What then happens when that space can no longer be physical? I think it’s safe to say that our experience of sound has not remained unyielding in the face of the changes demanded by our current pandemic-altered reality. In order to slow down or halt the spread of COVID-19, countries all around the world were placed under varying degrees of a lockdown. We stopped travelling, started spending a lot more time at home, working from home, and doing everything online.

This pivot towards the digital has largely defined the way we now pass our time, and it’s no surprise that how we interact with the Internet would’ve come up in my conversations with the artists we spoke to. One of the artists we interviewed, Yeyoon Avis Ann, works comfortably across the virtual and the material. 
Yeyoon Avis Ann
When I work with music, and I sometimes make music myself as well, I usually make music first, and then the visual comes afterwards, because music is a bit more abstract. I can always divert the conceptual part to later on or later on in the process. And usually I try to understand, or I try to deeply locate myself in what this music is about.
Object Lessons Space
The lexicon relating to musical performance, sound making and composition is incredibly extensive and elaborate. In our interview with Avis, she told us about how her familiarity with music or musical terminology has been helpful when working with digital mediums. In thinking through the language of music, Avis has arrived at a rather poetic metaphor for video making or video editing:
Yeyoon Avis Ann
Video as a medium, and video-editing, is incredibly musical, as needing a composer for the whole orchestra. So it's calculated, it's highly calculated, but poetic. And you can't really a hundred percent let the things take their own will, but I think the beauty of this is that the juxtaposition happens because I'm using multiple elements. But at the same time I can be calculative about this, and I can orchestrate the flow of this.
Object Lessons Space
Thinking about sound or music also goes beyond merely incorporating sonic elements within one’s work.

Artist Song-Ming Ang’s practice doesn’t sit comfortably within the usual categories we use to describe art. He has been described as a sound artist, a musician, a performance artist, a conceptual artist and more. His practice occupies a liminal space between all of that, and is focused on music as a subject matter. In ruminating on his dedication to a single subject matter within our interview with him, Song-Ming said:
Song-Ming Ang
The reason why I don’t make music per se is because in my twenties, when I started out, I really started out as an experimental musician and I did it for a couple of years. I won’t say I got bored of it, but I began to see that these so-called experimental musicians were not experimenting. So many of us were just reproducing sub-genres that had already been established from decades back. But the thing is that people don’t know how to place you. If you make drones, or you make noise, or you make minimal music, then people can place you. But to really be an experimental musician, one has to go further than that. The reason why I found myself in the art world was because I wanted to go further than that. I wanted to make music, but at the same time be brave enough to have some distance from it.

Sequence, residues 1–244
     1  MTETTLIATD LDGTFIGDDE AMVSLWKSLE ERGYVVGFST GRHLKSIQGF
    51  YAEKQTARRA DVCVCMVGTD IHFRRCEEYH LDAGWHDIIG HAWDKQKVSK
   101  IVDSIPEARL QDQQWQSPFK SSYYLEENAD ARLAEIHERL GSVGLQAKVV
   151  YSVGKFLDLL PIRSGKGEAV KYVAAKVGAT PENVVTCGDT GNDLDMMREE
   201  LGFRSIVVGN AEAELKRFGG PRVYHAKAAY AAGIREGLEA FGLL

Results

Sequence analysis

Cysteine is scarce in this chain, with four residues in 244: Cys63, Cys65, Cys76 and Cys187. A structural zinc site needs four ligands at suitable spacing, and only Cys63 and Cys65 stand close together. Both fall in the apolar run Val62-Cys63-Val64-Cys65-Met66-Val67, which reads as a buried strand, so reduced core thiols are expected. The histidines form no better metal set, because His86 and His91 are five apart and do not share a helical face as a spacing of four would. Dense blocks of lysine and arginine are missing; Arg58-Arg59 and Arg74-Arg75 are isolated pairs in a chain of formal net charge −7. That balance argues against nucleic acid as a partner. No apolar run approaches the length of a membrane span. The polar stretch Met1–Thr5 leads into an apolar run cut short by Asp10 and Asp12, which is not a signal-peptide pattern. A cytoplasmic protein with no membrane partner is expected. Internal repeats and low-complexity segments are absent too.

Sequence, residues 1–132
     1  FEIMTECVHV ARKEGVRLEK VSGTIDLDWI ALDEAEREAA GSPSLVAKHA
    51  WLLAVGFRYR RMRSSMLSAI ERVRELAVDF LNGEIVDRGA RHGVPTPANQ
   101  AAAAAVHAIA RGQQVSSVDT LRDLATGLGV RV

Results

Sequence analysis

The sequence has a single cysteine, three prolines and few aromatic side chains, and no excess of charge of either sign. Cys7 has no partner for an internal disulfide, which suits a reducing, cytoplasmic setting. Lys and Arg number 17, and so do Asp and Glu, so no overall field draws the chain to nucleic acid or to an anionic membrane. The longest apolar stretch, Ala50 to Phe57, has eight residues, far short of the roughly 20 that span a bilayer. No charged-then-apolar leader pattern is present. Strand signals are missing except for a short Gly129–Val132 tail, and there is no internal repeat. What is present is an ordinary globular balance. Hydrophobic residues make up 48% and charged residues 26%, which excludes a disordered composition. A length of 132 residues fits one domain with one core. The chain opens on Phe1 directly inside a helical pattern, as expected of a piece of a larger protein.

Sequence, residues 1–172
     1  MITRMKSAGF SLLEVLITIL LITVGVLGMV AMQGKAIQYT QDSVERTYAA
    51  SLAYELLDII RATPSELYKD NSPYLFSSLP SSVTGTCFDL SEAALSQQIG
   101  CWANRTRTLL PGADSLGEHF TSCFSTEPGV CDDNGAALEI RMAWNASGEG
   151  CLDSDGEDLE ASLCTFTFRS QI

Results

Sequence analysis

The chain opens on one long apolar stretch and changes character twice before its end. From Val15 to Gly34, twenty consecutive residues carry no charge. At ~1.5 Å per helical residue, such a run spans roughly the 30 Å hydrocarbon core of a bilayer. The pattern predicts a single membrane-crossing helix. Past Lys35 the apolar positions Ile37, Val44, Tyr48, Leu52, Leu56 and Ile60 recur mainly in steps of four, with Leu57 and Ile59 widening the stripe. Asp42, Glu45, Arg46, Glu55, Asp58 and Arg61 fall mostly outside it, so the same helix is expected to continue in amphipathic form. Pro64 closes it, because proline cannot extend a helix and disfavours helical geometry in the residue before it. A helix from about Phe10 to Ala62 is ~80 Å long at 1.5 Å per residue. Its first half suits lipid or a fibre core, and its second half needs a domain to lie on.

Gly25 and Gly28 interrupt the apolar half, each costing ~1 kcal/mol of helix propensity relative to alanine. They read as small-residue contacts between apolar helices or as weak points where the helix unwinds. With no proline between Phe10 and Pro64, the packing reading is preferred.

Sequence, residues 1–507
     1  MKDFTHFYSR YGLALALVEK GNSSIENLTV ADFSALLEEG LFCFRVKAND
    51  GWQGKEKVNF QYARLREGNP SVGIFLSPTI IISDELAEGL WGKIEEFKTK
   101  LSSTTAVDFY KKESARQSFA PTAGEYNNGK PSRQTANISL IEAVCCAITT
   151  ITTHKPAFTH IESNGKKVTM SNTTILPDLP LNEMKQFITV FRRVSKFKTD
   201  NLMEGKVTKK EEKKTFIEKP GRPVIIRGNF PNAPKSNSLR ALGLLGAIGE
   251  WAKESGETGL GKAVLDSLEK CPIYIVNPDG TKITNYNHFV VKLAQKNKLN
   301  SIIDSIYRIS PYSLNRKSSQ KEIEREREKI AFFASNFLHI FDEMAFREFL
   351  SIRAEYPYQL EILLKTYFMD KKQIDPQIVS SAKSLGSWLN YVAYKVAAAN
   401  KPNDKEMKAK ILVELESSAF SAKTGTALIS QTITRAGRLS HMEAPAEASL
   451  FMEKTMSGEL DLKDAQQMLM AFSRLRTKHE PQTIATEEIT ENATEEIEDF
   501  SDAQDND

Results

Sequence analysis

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Object Lessons Space
There are so many facets to sounds, sound making and listening to sounds — and this particular issue we’ve put together barely scratches the surface of it, but unfortunately that’s all the time we have for today’s episode.  We hope that this episode has given you a quick primer as to the different ways we can approach thinking about and thinking through sound. If you enjoyed this deep-dive into our latest issue, the full articles have been published on our website at www.objectlessons.space.

We also have a presence on all the usual social media platforms, including Instagram, Facebook and Twitter. If you like our work, we do have a Patreon page that you can check out as well.

For our upcoming episodes, you can expect more of what we’ve done today alongside intimate interviews with artists and cultural practitioners. We have a lot of exciting things planned for this series, so definitely stay tuned.

Mushroomed is a podcast series hosted by Object Lessons Space, and produced in collaboration with the wonderful people at Singapore Community Radio. Thankyou so much for spending time with us today.



 
Mushroomed is a series of conversations around art making, artistic networks and ecosystems. Sit in on conversations with artists and cultural practitioners. This podcast is hosted by the Singapore-based online platform, Object Lessons Space, and produced in collaboration with Singapore Community Radio.